This year’s Develop: Brighton conference will mark a ten-year run in which the industry has changed beyond anyone’s imagining, says Owain Bennallack, who has served a decade on the event’s steering committee

A decade of development

Ten years ago, Develop: Brighton opened to the sound of indie band Razorlight playing a flash gig across the road. Conference attendees were amazed that the inaugural event was already such a draw.

The gods of pop are fickle and for all I know, Razorlight are plumbers or English teachers today – but Develop: Brighton has gone from strength to strength. Of course, the conference has had to evolve.

“The diversity of teams and creators, the games they produce, the platforms they run on, and how they’re funded has increased enormously,” says Develop: Brighton advisory board member Richard Bates of SCEE. “It would have been easy to predict the industry would move in one direction or another, but it’s more surprising that it seems to have moved in every direction at once.”

When Develop: Evolve was added, the phones that enabled Razorlight to summon their fans were becoming games platforms. Before long mobile games – and the business models they thrived on, such as free-to-play – were rivalling traditional games for revenues and encroaching on the conference proper. 

Indies off the endangered list

Perhaps Razorlight went on to make mobile games. Everyone else has. Indeed, along with the rise of ‘play anywhere’ platforms like mobile and social gaming and the broader demographics they encouraged, the indie explosion is the most notable feature of the last ten years. And nobody saw it coming.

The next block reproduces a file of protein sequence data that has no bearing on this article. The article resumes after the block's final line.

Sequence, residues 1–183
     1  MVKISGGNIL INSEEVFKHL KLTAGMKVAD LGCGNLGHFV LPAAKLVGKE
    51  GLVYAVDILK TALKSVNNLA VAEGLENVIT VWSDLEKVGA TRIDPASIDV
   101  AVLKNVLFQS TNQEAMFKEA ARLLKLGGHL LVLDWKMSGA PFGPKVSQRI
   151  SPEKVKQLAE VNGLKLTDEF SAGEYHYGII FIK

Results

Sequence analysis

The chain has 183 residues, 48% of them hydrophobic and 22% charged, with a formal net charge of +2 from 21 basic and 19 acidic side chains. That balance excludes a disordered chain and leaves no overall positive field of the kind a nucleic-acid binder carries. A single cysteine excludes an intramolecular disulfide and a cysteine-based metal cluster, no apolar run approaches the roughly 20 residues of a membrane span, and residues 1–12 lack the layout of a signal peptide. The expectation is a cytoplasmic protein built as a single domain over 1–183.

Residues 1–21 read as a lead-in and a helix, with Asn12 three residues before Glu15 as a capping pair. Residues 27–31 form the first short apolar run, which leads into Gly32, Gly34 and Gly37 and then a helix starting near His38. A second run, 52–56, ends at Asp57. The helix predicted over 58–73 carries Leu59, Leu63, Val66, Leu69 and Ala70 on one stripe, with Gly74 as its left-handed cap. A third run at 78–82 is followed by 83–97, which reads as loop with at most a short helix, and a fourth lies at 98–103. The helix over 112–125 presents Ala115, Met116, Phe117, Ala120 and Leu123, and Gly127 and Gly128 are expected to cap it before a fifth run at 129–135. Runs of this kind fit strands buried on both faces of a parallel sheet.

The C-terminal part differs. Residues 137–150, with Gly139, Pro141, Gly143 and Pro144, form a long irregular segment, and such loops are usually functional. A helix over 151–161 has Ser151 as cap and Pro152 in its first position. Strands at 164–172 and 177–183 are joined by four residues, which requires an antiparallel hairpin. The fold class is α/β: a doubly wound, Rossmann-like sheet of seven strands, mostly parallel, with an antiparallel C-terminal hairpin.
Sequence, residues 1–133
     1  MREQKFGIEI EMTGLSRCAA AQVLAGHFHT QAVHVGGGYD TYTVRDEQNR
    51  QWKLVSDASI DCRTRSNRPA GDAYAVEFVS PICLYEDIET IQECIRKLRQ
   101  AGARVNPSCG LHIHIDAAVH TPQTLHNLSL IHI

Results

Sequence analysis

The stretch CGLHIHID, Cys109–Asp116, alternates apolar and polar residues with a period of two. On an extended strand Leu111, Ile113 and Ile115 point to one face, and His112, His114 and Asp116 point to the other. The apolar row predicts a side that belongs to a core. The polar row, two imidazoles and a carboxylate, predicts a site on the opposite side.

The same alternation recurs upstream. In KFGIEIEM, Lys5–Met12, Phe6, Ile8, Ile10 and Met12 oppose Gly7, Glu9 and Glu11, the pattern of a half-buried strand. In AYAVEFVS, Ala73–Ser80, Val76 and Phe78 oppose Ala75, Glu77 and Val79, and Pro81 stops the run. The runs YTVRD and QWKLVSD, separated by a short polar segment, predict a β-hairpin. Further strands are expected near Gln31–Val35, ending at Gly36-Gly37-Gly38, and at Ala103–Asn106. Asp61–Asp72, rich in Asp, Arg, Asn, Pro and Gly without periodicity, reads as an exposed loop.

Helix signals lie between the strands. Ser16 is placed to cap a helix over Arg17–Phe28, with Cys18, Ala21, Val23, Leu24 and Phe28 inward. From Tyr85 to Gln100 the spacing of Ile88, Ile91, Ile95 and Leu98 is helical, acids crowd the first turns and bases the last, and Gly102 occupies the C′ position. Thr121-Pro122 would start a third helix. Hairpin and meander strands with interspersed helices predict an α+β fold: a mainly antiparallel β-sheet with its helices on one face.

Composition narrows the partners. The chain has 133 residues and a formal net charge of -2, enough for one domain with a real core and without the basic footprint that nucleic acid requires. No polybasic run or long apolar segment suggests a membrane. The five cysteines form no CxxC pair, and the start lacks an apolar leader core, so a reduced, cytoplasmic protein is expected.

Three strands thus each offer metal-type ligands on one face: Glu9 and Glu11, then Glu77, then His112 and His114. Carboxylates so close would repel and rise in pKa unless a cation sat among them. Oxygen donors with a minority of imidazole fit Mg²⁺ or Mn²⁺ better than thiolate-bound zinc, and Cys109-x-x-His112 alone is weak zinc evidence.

“Pre-App Store, pre-Steam, there was barely any indication we were about to see such a glorious profusion of small independent teams making games,” admits Jonathan Smith, now of Gamecity but back then ushering in his own revolution with LEGO Star Wars for Traveller’s Tales. “Designers crave novelty, and industrial structures tend to reward predictability.”

Revolution’s Charles Cecil adds: “Ten years ago we faced a bleak future, as did most independent developers.” 

It’s perhaps a depressing memory for veteran developer William Latham. Now an academic at Goldsmiths, Latham’s studio Computer Artworks was closed in 2004.

“Ten years ago, games publishers behaved like medieval barons closing down talented independent development studios at will, with impunity,” Latham recalls. 

No surprise then that the advisory board meeting for the first Develop: Brighton conference was almost on a war footing, as smaller developers banged the table for survival sessions to support struggling independent developers.

Yet just a few years later, Latham says: “The developers finally got back in control.”

Cecil reckons: “Everything changed with the iPhone. Apple swept away the mobile hierarchy. The iPhone’s touch screen proved to be an ideal device for games. The ubiquity of broadband and the existence of iTunes allowed digital distribution on a mass scale for the first time. And the revenue split was so, so much fairer than anything that we had managed to negotiate previously.” 

Challenged to change

There can be a contradictory attitude when it comes to change in games. On the one hand, gamers have always wanted the next new thing, and games creators can be as faddish as any pop band when it comes to mimicking what’s hot.

Yet games developers are only human, and according to Boss Alien’s studio head Jason Avent, human beings “inherently don’t like change, because moving away from what you know can be dangerous”.

Avent’s start-up created the multi-million dollar franchise CSR Racing for iPhone. Yet he admits that as a hardcore gamer he initially struggled to see the appeal of mobile platforms. It was an attitude typical among the Develop Conference’s attendees in its initial years.